Ferrari's Fernando Alonso has heavily criticised the tyres used in Formula 1, saying they are "not good" and so fragile drivers cannot push hard.
He said the Pirelli tyres "will not do 5km" - about the length of an average lap in F1 - and were "not normal".
"We have to be honest; the quality of the tyres is very on the limit."
"If all the cars push 100% from the start of the lap, the tyres will not do 5km. It is not very helpful and not very nice to drive at 95% all the lap."
But Alonso made it clear he was not saying the Pirelli tyres were the cause of Ferrari's lack of performance, adding: "If we put a tyre that can do more than 5km, they will be even faster as well."
He said he merely wished the sport had tyres that allowed drivers to push to the limit.
"It is not normal," he said. "If you push, you finish the tyres.
"We are getting used to these tyres that cannot last one lap. We are getting used to marbles [bits of discarded rubber] that [mean] we have two metres [width of] racing line.
"I'm sure with a better tyre the others can push more as well. The deficit we have is the same with any tyre, but at least you could drive."
Pirelli has been asked by F1 boss Bernie Ecclestone to produce tyres that create multiple pit stops in a race and the possibility of different strategies to create more entertaining racing.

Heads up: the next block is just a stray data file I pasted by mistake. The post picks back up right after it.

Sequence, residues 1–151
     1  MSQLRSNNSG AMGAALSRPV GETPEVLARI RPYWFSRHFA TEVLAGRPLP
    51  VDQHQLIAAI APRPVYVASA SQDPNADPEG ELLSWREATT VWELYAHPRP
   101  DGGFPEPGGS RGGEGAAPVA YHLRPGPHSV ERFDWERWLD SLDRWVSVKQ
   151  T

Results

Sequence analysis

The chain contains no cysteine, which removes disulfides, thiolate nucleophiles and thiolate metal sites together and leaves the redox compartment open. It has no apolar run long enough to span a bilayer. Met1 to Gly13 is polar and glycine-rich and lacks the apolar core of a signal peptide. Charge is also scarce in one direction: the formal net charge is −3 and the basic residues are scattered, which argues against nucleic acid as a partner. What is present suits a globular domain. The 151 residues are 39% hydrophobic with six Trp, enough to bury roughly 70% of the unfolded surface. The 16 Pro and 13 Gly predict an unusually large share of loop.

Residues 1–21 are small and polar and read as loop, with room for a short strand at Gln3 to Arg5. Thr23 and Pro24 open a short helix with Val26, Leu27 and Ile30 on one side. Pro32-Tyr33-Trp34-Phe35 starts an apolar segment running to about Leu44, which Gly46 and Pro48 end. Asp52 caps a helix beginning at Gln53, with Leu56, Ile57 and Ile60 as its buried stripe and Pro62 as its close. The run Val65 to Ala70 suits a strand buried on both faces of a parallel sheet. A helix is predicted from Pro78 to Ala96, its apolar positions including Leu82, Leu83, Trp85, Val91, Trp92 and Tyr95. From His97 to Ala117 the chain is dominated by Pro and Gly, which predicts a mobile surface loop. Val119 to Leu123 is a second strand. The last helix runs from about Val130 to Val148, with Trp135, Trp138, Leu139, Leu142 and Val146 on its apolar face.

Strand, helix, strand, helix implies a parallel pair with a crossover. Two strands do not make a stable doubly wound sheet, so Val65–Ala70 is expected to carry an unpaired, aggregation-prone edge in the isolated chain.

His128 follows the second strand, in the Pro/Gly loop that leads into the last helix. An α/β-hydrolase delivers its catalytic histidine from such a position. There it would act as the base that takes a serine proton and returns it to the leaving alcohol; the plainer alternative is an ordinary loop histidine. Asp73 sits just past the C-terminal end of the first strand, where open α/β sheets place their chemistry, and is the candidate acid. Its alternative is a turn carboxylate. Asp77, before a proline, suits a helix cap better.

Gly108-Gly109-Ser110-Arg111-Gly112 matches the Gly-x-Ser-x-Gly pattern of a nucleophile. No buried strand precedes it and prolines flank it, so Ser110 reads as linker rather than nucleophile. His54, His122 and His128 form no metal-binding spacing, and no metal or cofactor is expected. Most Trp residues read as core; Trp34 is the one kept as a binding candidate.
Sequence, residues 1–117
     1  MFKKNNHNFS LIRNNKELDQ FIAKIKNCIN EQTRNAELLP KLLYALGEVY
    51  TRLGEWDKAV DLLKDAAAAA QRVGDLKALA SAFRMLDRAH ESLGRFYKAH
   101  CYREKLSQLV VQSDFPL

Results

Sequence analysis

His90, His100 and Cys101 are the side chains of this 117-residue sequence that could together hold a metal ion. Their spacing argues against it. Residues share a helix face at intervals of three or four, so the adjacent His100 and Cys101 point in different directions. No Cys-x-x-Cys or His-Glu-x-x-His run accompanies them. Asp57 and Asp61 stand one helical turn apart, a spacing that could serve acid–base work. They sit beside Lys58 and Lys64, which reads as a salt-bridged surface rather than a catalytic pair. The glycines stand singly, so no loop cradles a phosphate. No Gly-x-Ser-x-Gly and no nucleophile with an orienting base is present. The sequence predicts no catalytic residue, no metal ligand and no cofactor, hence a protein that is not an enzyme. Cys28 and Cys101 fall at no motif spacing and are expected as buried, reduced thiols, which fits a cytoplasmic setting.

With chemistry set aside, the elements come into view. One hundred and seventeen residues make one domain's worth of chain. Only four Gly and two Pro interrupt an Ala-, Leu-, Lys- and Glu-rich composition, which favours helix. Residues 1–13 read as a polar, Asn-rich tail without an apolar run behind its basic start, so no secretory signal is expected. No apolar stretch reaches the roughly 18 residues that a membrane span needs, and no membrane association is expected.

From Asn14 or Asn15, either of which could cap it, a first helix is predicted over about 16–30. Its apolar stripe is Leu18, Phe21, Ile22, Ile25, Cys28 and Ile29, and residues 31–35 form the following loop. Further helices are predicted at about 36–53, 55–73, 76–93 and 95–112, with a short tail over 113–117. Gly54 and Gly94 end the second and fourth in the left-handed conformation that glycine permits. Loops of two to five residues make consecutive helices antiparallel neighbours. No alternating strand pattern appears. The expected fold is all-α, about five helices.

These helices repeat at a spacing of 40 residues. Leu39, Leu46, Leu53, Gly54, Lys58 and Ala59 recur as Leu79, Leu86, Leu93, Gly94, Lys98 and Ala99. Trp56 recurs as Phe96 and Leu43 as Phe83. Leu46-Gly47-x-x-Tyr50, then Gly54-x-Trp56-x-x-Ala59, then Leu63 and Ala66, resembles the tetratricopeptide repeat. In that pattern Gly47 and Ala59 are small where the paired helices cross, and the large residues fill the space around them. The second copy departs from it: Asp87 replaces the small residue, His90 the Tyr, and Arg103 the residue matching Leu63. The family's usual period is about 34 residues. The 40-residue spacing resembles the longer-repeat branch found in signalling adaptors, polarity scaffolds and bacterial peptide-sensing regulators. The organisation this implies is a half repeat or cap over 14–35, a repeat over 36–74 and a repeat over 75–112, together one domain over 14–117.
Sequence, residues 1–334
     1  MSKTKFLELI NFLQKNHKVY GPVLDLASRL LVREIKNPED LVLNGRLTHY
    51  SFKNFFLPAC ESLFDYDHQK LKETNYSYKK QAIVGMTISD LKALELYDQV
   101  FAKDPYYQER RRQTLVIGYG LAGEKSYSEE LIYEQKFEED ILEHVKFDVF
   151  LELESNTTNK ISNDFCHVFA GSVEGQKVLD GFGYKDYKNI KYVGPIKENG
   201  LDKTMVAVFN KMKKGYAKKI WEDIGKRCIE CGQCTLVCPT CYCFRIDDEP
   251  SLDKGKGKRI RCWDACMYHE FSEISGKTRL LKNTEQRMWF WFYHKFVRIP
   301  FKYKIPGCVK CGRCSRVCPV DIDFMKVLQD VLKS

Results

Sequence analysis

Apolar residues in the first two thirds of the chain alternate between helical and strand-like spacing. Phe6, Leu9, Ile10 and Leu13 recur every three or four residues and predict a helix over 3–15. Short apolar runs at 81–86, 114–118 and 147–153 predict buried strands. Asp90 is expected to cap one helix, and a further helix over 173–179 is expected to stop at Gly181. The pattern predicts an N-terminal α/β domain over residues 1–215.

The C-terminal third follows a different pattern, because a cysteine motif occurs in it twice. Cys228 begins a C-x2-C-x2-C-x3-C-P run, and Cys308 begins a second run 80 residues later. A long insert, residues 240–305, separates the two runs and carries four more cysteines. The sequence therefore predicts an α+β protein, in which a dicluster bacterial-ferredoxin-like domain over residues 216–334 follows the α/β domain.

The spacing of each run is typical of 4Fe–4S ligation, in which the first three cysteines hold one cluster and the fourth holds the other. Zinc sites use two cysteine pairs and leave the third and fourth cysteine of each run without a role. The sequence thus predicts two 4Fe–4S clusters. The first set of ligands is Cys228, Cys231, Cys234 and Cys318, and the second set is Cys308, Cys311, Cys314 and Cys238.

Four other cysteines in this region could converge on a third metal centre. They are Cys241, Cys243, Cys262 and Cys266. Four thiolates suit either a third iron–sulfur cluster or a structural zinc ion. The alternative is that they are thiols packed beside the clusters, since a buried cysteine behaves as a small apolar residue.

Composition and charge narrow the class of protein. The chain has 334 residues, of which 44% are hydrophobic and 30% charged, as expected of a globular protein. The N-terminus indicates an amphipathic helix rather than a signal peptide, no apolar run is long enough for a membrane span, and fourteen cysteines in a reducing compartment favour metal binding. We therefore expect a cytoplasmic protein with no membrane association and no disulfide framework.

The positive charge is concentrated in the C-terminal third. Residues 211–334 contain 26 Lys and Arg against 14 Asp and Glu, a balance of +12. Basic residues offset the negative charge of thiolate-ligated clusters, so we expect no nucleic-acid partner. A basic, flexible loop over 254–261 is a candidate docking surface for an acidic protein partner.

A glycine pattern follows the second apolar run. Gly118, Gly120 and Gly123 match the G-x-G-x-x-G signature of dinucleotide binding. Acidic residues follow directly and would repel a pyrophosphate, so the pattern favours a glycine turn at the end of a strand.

Pirelli motorsport director Paul Hembery said: "Of course Alonso is one of the great F1 drivers, so to hear such comments is disappointing and below the standards you would expect from such a champion.
"I can only suggest he goes to ask the soon-to-be four-times champion how to get the best from the same tyres."
For Korea, Pirelli has supplied the softest and least durable of its tyres - the 'super-soft' - and the more durable 'medium'. The drivers all set their fastest qualifying time on the 'super-soft'.
But Alonso is the latest in a string of top drivers to criticise the tyres for being too fragile and not allowing drivers to push to the limit.
Alonso said he was less confident than normal that he could make up ground from his grid position, as he usually does.
"This weekend we are not particularly strong," he said. "[Not only in qualifying, but] also in the race pace we saw some problems.
"So I'm a little bit less optimistic in terms of winning the race or podium finish.
"[It is] nothing really new. We have been four years in this situation - we are lacking between half a second and one second [in] pace and we have been still fighting for the championship to the last race in two of the last three seasons.
"We have some weak points and strong points. One of the strong points is scoring maximum points in the race. We cannot forget that and try to do so on Sunday."